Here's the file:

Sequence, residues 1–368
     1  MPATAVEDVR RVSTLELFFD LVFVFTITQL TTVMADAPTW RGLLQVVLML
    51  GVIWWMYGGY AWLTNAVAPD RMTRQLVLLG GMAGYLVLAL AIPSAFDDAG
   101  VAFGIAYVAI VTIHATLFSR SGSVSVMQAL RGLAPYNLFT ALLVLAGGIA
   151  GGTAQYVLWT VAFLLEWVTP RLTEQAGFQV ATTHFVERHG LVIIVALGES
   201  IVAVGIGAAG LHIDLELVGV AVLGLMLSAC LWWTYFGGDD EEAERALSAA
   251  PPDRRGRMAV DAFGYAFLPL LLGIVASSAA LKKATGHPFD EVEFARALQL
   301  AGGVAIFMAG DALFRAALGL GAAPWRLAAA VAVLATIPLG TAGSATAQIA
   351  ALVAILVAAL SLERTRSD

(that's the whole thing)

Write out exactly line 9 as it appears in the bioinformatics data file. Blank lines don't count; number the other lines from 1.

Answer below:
   351  ALVAILVAAL SLERTRSD